When discussing suicide with a person who may be at risk, it is also important to consider how you are feeling.  Are you ready to talk to someone who may well tell you they want to take their own life? Are you prepared? Do you have resources available to support yourself and the individual at risk? Is the timing right? 

You can find a number of blogs that I have written in relation to suicide:

How to save a life - The aftermath of reaching out to a person on the edge. 
World Suicide Prevention Day 2016 - Last year's writeup 
MENtal Health - A blog focusing on male suicide victims
Depression Does Not Discriminate - A blog following the suicide of Robin Williams
Lost in the System - A blog following the death of Kevin Boyle 
Unbearable Pain- A blog following the death of Gary Speed

Resources available:

AFSP - American Foundation for Suicide Prevention
CALM The campaign against living miserably

Wednesday, 6 September 2017

Open Letter

Hi world,

I'd love to have a moment of your time if I may?

You see, you judged me today when I limped onto the tube with a stick and needed a seat but walked off normally when it got to my stop.

You called me thirsty, slutty, a whore, a tramp… a whole manner of disparaging names when you saw me out on a cold evening in just a dress.

You told people I was an attention seeker, a psycho, a fucking lunatic when you noticed the purple and silver scars on my legs. You pulled your children closer to you, shielded their eyes, changed seats. 

You whispered behind my back saying I was full of shit when I told you I only had two hours of sleep last night. Apparently there’s “no way” I could be an insomniac without looking like a zombie.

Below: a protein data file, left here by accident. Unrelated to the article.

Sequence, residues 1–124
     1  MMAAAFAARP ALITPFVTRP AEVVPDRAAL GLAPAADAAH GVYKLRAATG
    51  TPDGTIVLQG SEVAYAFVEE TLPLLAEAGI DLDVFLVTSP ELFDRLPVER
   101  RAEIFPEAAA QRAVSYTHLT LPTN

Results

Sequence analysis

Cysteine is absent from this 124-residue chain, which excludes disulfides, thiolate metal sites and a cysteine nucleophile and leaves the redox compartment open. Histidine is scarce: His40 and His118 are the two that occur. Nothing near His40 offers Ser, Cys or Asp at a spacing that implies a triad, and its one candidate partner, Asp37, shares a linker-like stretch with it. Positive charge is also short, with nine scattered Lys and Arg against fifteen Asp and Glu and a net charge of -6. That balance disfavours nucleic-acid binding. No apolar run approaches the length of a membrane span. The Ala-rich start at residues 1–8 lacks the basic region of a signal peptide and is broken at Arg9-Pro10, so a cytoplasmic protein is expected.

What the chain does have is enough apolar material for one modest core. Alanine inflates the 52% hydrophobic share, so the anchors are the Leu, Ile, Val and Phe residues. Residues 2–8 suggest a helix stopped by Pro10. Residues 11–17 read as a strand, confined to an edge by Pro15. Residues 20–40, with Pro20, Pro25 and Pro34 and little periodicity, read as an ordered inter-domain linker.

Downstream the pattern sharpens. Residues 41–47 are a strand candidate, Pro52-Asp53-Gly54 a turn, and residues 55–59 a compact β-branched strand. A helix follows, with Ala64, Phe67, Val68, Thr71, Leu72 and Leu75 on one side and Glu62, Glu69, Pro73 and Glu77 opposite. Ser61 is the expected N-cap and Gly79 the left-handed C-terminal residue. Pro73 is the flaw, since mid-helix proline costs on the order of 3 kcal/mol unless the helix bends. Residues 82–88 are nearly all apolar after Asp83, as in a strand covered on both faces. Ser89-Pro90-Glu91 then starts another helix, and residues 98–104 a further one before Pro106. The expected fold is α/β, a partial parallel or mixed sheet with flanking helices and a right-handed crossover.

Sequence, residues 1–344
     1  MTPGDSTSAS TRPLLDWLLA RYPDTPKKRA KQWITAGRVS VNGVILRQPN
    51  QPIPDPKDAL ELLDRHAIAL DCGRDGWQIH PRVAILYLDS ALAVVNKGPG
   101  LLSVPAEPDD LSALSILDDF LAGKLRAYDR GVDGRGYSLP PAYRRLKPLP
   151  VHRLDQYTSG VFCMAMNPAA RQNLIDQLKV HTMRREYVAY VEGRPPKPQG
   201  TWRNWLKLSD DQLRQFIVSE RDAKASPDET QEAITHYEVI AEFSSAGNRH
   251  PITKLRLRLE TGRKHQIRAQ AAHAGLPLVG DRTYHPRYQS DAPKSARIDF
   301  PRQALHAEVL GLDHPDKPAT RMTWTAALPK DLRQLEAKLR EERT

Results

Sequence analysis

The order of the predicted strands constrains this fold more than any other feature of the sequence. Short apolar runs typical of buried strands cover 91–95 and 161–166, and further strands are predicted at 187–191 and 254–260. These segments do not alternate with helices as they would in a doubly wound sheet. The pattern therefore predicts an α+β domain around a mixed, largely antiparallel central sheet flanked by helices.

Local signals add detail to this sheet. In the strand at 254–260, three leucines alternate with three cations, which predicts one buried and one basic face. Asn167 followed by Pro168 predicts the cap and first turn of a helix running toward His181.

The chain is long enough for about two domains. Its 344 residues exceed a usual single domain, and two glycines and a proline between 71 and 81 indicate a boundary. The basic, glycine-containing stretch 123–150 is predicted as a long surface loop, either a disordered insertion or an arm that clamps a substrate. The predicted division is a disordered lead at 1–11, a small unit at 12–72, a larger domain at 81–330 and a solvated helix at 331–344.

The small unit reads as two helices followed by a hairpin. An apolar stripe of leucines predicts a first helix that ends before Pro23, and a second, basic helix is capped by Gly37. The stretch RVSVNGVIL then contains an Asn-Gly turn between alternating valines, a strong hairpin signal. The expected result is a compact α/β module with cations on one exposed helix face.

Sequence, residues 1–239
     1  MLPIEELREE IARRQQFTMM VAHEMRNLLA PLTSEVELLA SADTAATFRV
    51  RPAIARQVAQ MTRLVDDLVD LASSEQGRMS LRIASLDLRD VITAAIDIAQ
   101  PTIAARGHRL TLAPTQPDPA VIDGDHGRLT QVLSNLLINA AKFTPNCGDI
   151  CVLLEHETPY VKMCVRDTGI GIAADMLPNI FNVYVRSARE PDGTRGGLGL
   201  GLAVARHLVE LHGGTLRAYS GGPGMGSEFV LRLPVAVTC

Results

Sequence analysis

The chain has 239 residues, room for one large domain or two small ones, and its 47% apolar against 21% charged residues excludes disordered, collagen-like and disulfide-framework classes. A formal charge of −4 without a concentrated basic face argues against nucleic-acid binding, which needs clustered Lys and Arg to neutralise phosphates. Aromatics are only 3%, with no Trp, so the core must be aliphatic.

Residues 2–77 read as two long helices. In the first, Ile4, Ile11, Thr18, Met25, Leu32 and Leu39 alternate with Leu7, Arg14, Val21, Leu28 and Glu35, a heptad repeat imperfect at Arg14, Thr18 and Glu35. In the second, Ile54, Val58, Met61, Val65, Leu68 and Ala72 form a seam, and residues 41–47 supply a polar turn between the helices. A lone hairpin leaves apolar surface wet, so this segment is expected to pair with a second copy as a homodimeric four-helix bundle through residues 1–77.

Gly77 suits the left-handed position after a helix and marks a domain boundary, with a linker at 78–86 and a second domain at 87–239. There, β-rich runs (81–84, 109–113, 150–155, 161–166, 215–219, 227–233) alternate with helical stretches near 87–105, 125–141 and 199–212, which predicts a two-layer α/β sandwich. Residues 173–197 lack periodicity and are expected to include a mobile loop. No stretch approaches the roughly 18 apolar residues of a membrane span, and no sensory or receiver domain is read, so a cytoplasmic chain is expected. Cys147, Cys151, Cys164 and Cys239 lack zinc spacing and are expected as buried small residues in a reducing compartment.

You said I was fat and disgusting when I wore a vest top and hot pants on a hot day. You told me I should stop eating and maybe try exercising instead of being so “fucking lazy”. You said it was my fault and the fault of fat cunts like me that the NHS is suffering.

You took “sneaky” pictures of my armpit hair whilst I held the handrail above my head. You showed it to your mate and you both made disgusted faces and then laughed.

You yelled at me. “What the fuck is wrong with you?” But this is just rhetorical isn’t it? You don’t actually want to know what’s wrong. You don’t really care. You just wan to make yourself feel better by dragging me down. That’s how you get your kicks. That’s why you’re so buoyed, why your ego is so huge… you think you’re better than me. Than people like me. People different to you.

We are very different you and I. That is certain. For starters, I wouldn’t dream of dragging someone through the mud just to make myself feel better. That’s just mean! I also wouldn’t judge a person based on their appearance. There’s no sense in that. 

Before you go dragging anyone else down so you can feel better about yourself, understand something about me:

I need to walk with a stick and sit down on the tube sometimes. You see, I have a chronic pain condition. Everything hurts. Always. Some days I can manage the pain just fine. However, days like today, when I limped onto the tube and sat in the disabled seat, my back was REALLY hurting. The kind of pain that makes you want to vomit. Also, my knee was hurting. You see, it tends to dislocate at will. The last time it dislocated, I had to force it back so hard that I am left with a dull ache in my knee that becomes a screaming pain when it gets cold. Sitting down even for two stops can give me enough time to recenter myself so I can continue the rest of my journey.

I wore a dress. This is kind of a big deal for me. It was cold according to the mercury. I didn’t wear a coat. You see, I have this issue with my hypothalamus. This is the part of your brain that helps maintain homeostasis. It regulates your body temperature. Mine doesn’t work. My thermostat is permanently stuck on sub-saharan desert. I am always hot. Sounds great doesn’t it? I live in England. It’s always cold. High body temperature must be great right? Wrong! High body temperature leads to excessive perspiration. This makes me dehydrated a lot. I have had head a headache since about 1995! It also means that I can’t dress appropriately for the weather. When I wear too many layers I feel suffocated. It’s horrible. Typically I wear jeans and t shirt every day. That is my “workwear”. I hate it. I wish I could wear shorts sometimes but you see, I have scars.